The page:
1. Mass murderers are inspired by a shared ideology
"Many of today’s mass murderers write manifestoes. They are not killing only because they’ve been psychologically damaged by trauma. They’re not killing only because they are pathetically lonely and deeply pessimistic about their own lives. They are inspired to kill by a shared ideology, an ideology that they hope to spread through a wave of terror." (David Brooks, NY Times, August 5, 2019)
2. Their ideology is antipluralism: a yearning for "clear borders, settled truths, and stable identities" and a reaction against the "diversity, fluidity, and interdependent nature of modern life."
"Trumpian nationalists, authoritarian populists and Islamic jihadists are different versions of antipluralism.These movements are reactions against the diversity, fluidity and interdependent nature of modern life. Antipluralists yearn for a return to clear borders, settled truths and stable identities. They kill for a fantasy, a world that shines in their imaginations but never existed in real life." (David Brooks, NY Times, August 5, 2019)
3. Mass murderers share this ideology with ethnic nationalists, authoritarian populists, and Islamic jihadists, although the latter may not resort to violence.
The antipluralist ideology need not include incitements to violence, but it lends itself to violence against "others" who threaten "clear borders, settled truths, and stable identities." (Jay McDaniel)
4. The alternative to antipluralism is pluralism. It is a belief that each person is a "symphony of identities" and that no one is reducible to a single label. In the language of Whitehead, each person is an ongoing process of
of assimilating many influences into one moment, in the context of which a person becomes "new" moment-by-moment.
"The struggle between pluralism and antipluralism is one of the great death struggles of our time, and it is being fought on every front...We pluralists do not believe that human beings can be reduced to a single racial label. Each person is a symphony of identities. Our lives are rich because each of us contains multitudes." (David Brooks, NY Times, August 5, 2019)
5. Pluralists believe that "mixing" and "amalgamating" is good and that a "pure culture is a dead culture."
"Pluralists believe that culture mixing has always been and should be the human condition. All cultures define and renew themselves through encounter. A pure culture is a dead culture while an amalgam culture is a creative culture. The very civilization the white separatists seek to preserve was itself a product of earlier immigration waves." (David Brooks, NY Times, August 5, 2019)
6. Pluralists believe that life is an adventure in diversity and dialogue.
"Finally, pluralism is the adventure of life. Pluralism is not just having diverse people coexist in one place. It’s going out and getting into each other’s lives. It’s a constant dialogue that has no end because there is no single answer to how we should live....Life in a pluralistic society is an ever-moving spiral. There are the enemies of pluralism ripping it apart and the weavers of community binding it together. There is no resting spot. It’s change, fluidity and movement all the way down." (David Brooks, NY Times, August 5, 2019)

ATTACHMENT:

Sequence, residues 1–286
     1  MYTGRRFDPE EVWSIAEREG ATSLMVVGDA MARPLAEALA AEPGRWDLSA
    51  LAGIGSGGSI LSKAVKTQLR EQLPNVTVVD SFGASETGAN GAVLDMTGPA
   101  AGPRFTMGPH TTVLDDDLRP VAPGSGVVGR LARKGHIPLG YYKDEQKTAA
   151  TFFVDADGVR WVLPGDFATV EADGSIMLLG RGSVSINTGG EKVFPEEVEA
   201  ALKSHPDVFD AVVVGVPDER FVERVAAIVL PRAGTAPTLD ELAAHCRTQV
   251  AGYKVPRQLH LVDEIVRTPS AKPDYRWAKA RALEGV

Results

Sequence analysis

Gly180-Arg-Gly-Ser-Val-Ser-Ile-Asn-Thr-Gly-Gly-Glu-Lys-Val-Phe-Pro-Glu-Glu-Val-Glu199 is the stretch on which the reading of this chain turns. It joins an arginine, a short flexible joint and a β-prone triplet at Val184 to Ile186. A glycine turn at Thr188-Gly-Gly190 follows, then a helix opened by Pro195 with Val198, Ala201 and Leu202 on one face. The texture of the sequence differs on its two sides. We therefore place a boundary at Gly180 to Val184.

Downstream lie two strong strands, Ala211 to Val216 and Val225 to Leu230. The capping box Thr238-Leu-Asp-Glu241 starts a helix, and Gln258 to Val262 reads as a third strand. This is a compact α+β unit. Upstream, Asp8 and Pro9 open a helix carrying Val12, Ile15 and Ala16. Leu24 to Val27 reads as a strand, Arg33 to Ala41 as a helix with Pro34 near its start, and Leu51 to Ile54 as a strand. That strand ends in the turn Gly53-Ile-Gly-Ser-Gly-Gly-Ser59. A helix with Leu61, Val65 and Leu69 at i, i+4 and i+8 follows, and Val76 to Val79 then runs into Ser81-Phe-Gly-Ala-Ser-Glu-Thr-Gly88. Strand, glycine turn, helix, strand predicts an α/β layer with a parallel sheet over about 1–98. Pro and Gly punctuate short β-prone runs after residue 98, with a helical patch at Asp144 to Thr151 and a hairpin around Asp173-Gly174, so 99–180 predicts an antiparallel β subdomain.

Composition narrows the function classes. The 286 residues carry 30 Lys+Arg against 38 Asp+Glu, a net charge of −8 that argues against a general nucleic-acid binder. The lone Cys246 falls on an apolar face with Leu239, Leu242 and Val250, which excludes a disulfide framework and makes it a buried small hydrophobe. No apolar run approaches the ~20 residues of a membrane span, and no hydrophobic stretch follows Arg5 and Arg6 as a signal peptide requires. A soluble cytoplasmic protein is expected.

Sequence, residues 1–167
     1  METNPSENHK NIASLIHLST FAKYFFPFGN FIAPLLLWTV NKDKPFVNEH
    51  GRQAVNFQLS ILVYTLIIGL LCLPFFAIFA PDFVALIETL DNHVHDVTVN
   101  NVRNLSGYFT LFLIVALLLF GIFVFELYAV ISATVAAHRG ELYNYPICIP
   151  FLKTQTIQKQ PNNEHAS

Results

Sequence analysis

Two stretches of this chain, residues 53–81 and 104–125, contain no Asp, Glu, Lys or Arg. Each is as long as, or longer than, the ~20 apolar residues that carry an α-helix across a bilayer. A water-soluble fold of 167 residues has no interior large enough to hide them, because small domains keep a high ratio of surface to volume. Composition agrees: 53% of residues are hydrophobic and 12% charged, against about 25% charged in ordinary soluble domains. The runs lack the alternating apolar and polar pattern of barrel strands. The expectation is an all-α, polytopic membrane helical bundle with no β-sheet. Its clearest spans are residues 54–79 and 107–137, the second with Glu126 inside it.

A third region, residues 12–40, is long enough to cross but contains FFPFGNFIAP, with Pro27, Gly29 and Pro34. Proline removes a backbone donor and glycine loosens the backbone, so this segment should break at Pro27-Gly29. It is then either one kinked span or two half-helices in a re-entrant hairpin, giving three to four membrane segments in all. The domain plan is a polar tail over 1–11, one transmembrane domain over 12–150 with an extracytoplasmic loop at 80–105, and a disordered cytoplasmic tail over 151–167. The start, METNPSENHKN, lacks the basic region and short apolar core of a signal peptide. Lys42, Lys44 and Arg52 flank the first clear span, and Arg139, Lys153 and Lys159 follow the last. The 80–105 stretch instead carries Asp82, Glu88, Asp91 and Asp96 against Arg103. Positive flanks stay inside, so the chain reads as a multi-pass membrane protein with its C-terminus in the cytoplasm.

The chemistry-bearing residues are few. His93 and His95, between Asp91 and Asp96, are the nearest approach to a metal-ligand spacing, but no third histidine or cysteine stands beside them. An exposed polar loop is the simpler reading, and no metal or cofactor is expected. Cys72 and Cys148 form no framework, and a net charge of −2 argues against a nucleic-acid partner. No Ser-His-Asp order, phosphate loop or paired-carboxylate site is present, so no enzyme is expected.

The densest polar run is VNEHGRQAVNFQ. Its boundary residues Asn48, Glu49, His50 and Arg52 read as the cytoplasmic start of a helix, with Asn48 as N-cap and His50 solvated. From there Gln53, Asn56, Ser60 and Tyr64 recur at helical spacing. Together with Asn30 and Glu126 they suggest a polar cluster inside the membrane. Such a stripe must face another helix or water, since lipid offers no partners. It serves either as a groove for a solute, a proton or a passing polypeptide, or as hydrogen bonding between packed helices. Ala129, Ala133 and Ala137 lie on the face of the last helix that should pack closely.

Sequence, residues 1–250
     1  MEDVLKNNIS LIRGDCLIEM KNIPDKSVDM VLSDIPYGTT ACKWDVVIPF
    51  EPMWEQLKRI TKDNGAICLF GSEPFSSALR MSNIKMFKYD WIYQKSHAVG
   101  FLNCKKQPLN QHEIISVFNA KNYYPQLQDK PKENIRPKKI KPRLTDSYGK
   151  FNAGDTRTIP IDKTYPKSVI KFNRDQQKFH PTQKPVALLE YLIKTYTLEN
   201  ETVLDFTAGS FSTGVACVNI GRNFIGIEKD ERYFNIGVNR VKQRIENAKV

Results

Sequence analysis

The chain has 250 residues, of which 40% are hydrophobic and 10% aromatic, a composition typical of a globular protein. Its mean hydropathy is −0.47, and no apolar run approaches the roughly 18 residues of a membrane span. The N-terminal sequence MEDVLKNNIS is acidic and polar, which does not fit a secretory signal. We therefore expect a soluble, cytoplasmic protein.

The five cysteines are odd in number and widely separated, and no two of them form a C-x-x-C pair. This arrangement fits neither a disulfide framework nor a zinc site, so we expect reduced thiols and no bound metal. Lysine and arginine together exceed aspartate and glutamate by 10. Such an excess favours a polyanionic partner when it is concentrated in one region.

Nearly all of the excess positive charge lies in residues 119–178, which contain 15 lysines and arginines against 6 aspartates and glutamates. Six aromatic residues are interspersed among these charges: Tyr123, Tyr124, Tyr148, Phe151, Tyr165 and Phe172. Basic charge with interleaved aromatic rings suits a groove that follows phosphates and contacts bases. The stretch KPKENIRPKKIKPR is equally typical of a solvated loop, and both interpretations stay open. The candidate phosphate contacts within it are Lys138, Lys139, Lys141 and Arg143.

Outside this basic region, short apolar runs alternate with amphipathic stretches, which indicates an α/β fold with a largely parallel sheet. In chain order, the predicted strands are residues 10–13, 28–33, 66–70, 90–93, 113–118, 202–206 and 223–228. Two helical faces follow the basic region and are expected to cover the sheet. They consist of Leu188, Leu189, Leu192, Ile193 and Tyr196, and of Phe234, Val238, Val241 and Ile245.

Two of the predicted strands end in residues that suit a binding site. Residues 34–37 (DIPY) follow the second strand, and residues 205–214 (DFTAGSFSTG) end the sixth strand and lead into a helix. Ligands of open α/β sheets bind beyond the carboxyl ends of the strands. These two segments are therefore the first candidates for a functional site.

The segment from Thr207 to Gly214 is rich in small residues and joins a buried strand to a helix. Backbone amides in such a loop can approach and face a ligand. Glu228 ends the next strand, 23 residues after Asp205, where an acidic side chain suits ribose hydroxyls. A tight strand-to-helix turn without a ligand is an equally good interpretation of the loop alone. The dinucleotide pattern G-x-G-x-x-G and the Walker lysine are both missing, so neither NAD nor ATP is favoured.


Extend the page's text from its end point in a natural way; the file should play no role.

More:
7. Pluralists believe that the idea of a pure, static world is an illusion and that life is about movement, interdependence, and life.
"The terrorists dream of a pure, static world. But the only thing that’s static is death, which is why they are so pathologically drawn to death. Pluralism is about movement, interdependence and life. The struggle ahead is about competing values as much as it is about controlling guns and healing damaged psyches. Pluralism thrives when we name what the terrorists hate about us, and live it out." (David Brooks, NY Times, August 5, 2019)
8. Process Pluralists add a cosmology to what Brooks says, partly rooted in insights from physics. They believe that what David Brooks says of the world is likewise true of the universe.
They believe that the universe as a whole is vast network of inter-dependent creative inter-becoming, and that antipluralists are fighting against the very grain of a creative, dynamic process of inter-becoming. (Jay McDaniel)
9. Process Pluralists believe that the universe of inter-becoming is enfolded within a self-conscious Life (God) and that process pluralism can have a faith dimension.
For process pluralists -- sometimes called open and relational theoloians -- God is not a tyrant in the sky but rather a sky-like Mind who embraces the whole of the universe. God feels the feelings of all living beings with tender care and inwardly beckons human beings to live with compassion, creativity, and wisdom concerning the interconnectedness of things and the needs of fellow creatures. God, too, is in process. This means that antipluralists are hiding from the will, and the yearnings, of the Soul of the universe. (Jay McDaniel)
10. Process Pluralists add that people need community and the natural world to live happily and wisely.
The social ideal of process pluralism is to help build communities are compassionate, creative, participatory, multicultural, multifaith, humane to animals, good for the earth, and spiritually satisfying, with no one left behind. Process pluralists speak of these as the building blocks of ecological civilizations: the best and only hope of humankind. (Jay McDaniel)
The best way to fight the ideology of hatred, and the violence which is sometimes give rise,
is not to moralize incessantly or to argue, but to help build these communities, working with the antipluralists whenever and wherever possible, understanding their need to secure identities, helping them find community. Such communities need strong and enforceable laws, but generous spirits. (Jay McDaniel)